Private Homebuilders Hold M&A Advantage Over Public Builders

When considering acquisitions, the larger private home builders have some notable advantages over the publics. The biggest: they can offer new capital to fund growth.
By Jody Kahn Kline | July 31, 2007

The news about public home builders' financial results has been negative as of late. Some of you may be wondering about the large private builders who compete against the publics for land positions, talent and acquisitions of local home builders.

Among the largest home builders nationwide are a dozen or more private companies that could readily participate in the M&A arena. A handful of these have been repeat purchasers of small to mid-size companies.

Although reasons vary by time and location, large private home builders are motivated to increase their volume and geographic diversity, using a mix of acquisitions and greenfield start-ups. A significant factor is their desire to compete effectively with public builders, even as they state their preference for operating differently. As they aren't in every major market, most large private home builders have growing room. Some are regionally concentrated and feel the need to diversify geographically and want to enter new regions.

When considering acquisitions, the larger private home builders have some notable advantages over the publics. The biggest: they can offer new capital to fund growth and a release from personal liability, just like the publics, while offering the opportunity to remain private. Some potential sellers have no interest in working in a public environment, with its focus on quarterly performance and need to justify executive decisions.

Private buyers tend to be less concerned about land and lots that come with acquisitions and the impact on their balance sheet, although they may use third-party land bankers, like the publics, to maintain ratios and operate within covenants. Private buyers will be more concerned about finding the right management team in place to grow the acquired business within the chosen region.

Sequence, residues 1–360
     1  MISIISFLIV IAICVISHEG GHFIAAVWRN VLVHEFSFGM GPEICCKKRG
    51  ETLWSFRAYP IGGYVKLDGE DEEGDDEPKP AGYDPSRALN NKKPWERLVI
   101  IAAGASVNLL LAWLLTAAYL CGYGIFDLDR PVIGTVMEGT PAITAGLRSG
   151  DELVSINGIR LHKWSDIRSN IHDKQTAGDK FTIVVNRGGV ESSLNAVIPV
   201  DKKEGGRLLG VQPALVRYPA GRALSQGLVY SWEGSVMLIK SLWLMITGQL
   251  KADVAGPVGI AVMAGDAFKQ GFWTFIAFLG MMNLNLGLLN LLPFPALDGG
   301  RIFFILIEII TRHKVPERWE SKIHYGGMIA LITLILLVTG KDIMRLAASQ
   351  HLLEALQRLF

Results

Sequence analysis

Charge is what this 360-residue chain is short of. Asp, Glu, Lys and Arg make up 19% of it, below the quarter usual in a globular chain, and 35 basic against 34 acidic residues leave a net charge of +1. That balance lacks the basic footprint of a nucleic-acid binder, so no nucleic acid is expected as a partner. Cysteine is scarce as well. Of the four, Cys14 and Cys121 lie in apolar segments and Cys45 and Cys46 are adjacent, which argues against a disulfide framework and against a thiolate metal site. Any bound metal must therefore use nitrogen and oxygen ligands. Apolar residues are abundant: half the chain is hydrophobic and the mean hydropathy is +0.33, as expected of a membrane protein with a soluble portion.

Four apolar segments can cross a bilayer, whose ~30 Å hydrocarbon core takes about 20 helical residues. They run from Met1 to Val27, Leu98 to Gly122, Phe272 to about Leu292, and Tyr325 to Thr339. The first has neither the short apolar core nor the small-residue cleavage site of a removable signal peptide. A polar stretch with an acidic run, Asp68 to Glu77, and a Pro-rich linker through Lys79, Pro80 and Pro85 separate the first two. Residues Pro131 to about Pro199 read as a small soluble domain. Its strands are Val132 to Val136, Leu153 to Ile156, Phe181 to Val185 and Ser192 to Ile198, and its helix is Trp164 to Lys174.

While they don't have to answer to Wall Street analysts and shareholders, the large private home builders do need the support of their bankers. Private home builders have more flexibility to consider counter-cyclical opportunities to enter markets or acquire assets to position the companies for strong growth coming out of a housing slowdown. But these decisions have to be well thought out and credible. Large private home builders are not immune to sluggish sales rates, challenges in qualifying buyers for mortgages and continuing high inventory levels characterizing many markets.

Certainly, they are experiencing losses in some markets, but they are both better capitalized than local builders and under less pressure to absorb losses today than the publics. The large private home builders as a group were generally less aggressive purchasers of high priced land and maybe less aggressive in speculative starts and investor sales, given the lack of pressure to book volume by each quarter's end.

Some private home builders have an appetite to acquire the right company in the right place even today. We think private buyers will lead the return to growth focused behavior and to mergers and acquisitions as a methodology, possibly in the first half of 2008.G

Author Information
Jody Kahn Kline develops marketing materials for MPKA's seller clients as well as heads many assignments in which MPKA represents buyers, providing market research support and identifying and screening prospects.


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